Exploring Enabling Interventions for Increasing Female Students’ Access and Participation in Science, Technology, Engineering and Mathematics (Stem) Disciplines in Kenyan Public Universities
Mbirianjau, Lucy Wandiri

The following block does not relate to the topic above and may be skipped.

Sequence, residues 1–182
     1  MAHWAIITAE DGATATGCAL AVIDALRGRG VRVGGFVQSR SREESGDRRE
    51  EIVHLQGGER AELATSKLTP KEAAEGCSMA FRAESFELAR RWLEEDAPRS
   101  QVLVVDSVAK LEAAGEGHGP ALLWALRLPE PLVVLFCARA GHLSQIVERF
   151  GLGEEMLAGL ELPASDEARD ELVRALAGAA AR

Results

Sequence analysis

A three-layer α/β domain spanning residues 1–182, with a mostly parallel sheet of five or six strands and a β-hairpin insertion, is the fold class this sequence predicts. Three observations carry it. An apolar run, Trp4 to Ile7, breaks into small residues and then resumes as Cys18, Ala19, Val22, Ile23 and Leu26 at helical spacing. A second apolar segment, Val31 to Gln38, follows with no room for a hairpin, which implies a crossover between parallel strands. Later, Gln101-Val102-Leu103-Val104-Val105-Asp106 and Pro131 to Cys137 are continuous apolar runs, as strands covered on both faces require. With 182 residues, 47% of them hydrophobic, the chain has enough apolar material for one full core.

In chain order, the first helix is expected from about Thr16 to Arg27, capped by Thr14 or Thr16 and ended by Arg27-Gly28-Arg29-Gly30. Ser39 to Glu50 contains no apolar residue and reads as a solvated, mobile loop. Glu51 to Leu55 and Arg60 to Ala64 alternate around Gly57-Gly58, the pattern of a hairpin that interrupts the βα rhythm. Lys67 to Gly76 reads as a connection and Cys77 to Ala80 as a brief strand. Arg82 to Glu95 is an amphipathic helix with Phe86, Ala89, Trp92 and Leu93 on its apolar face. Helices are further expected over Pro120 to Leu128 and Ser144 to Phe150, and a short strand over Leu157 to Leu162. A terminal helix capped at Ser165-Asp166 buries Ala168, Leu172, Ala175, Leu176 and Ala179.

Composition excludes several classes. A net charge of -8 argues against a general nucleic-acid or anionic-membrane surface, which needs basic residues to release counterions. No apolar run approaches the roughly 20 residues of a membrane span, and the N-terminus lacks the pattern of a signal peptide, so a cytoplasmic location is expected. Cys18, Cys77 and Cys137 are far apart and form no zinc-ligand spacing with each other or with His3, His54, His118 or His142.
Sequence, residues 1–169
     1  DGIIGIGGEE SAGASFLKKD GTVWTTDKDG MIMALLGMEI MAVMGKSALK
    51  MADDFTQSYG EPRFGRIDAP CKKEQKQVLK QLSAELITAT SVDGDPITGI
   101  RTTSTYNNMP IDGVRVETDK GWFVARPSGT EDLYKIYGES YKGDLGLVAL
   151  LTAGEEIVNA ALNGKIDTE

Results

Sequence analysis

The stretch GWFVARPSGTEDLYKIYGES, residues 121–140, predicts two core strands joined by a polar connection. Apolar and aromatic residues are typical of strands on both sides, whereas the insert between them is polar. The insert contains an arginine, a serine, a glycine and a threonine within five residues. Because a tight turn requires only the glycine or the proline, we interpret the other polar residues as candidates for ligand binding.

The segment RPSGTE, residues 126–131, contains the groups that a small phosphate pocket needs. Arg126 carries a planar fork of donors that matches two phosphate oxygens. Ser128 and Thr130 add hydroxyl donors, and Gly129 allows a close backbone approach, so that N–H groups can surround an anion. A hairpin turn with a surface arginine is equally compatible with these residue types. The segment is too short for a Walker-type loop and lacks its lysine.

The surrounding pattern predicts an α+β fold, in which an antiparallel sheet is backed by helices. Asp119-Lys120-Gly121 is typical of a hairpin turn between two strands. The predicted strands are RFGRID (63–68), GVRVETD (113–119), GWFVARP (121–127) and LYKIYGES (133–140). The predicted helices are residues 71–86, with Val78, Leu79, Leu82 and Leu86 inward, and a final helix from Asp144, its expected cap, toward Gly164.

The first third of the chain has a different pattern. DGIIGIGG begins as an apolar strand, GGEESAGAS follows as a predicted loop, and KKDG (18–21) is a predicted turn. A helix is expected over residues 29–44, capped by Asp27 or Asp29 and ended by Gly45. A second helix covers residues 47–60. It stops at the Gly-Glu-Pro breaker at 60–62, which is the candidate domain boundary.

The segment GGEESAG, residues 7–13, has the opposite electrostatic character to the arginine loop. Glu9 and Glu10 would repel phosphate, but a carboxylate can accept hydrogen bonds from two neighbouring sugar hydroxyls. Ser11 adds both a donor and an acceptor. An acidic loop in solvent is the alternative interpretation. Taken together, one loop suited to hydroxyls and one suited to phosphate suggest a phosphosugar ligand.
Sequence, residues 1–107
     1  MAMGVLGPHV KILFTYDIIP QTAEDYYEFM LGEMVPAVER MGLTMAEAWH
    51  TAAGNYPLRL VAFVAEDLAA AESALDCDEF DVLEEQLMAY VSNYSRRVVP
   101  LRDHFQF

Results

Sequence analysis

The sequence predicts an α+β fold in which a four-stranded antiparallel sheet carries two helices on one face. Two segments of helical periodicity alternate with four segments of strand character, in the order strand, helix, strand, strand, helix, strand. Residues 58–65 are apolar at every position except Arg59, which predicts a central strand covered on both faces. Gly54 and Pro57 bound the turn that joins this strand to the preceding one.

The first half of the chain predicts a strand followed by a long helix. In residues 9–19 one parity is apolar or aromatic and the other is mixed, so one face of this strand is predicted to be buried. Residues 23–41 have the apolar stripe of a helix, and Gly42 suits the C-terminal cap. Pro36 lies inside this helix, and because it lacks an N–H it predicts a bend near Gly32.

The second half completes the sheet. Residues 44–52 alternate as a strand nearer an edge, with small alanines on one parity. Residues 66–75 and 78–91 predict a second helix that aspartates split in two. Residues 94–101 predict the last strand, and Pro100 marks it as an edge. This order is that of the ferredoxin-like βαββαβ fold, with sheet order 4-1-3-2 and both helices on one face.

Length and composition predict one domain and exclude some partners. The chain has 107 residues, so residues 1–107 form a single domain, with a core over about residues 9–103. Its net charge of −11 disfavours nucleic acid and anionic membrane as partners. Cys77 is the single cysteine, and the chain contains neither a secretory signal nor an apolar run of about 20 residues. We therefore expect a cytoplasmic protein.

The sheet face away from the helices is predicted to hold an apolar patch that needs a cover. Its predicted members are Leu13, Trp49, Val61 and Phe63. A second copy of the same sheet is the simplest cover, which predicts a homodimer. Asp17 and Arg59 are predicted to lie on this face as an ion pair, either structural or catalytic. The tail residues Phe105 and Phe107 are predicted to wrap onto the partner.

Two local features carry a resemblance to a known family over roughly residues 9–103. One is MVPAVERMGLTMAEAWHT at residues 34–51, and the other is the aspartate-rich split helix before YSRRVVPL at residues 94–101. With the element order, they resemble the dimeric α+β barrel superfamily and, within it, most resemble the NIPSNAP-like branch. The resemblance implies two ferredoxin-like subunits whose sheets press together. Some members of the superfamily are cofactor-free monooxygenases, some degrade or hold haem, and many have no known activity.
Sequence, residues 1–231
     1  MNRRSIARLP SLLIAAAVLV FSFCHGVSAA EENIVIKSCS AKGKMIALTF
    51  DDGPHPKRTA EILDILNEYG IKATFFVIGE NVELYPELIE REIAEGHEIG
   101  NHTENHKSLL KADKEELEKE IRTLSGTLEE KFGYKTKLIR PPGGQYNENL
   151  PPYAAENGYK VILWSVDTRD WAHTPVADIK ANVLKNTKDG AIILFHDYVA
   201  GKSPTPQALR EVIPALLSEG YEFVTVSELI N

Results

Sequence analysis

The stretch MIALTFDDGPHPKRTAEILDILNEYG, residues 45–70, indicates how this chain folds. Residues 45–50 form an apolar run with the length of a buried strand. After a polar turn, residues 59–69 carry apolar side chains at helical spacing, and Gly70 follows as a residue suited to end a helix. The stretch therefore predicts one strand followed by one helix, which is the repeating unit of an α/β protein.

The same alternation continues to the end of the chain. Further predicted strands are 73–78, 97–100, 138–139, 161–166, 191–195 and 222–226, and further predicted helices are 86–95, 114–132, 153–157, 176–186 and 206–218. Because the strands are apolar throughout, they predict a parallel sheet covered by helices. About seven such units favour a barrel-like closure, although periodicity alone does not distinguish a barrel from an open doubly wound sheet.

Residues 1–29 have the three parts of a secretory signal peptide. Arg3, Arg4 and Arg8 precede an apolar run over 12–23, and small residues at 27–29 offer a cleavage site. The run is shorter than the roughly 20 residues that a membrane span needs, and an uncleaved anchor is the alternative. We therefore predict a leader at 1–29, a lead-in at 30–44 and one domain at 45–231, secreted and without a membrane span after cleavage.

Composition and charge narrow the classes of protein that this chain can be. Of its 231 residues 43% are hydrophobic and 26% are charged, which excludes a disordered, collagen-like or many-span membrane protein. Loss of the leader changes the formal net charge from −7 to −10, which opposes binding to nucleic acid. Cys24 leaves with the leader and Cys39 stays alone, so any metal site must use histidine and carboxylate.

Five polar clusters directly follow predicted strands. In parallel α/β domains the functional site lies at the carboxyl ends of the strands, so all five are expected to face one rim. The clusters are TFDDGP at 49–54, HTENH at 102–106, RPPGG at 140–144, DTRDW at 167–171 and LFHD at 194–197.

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Globally, studies continue to document disparities in women’s access and participation in Science, Technology, Engineering and Mathematics (STEM) disciplines in the universities. Despite existence of policies at the national and institutional level, no single and clear road map exists on what set of interventions can best contribute to redressing this disparities. This study draws attention to the low participation of female students in STEM disciplines and especially in hard sciences in Kenyan public universities. Data for the study were collected in three public universities that were purposively sampled. Questionnaires, interviews, observations, content and documentary analysis were used as key instruments for data collection and research techniques. Data were analyzed both quantitatively and qualitatively. The study findings revealed that, despite the existing educational gender interventions, female students’ enrolment and participation in STEM disciplines in the Kenyan public universities is 30% and less than 20% in hard sciences. The study also established that there exists a continued process of gender typing in the secondary school curriculum which students pick and is further manifested in the universities. This stereotype has created a false perception among female students that soft sciences are marketable for the female gender and are feminine compared to the hard sciences. Further there exists socio-cultural and institutional barriers that affects female students’ participation in STEM disciplines. The study recommends first, the need for government and universities to develop educational STEM policies and interventions to increase female participation in STEM disciplines. Second, the STEM curricula should be made gender responsive with integration of additional STEM female faculty members to act as mentors to female students. Appropriate STEM mentoring and career guidance should be enhanced at all levels of education and all educational stakeholders should be involved in minimising socio-cultural, institutional barriers and stereotypes on masculinity of STEM disciplines.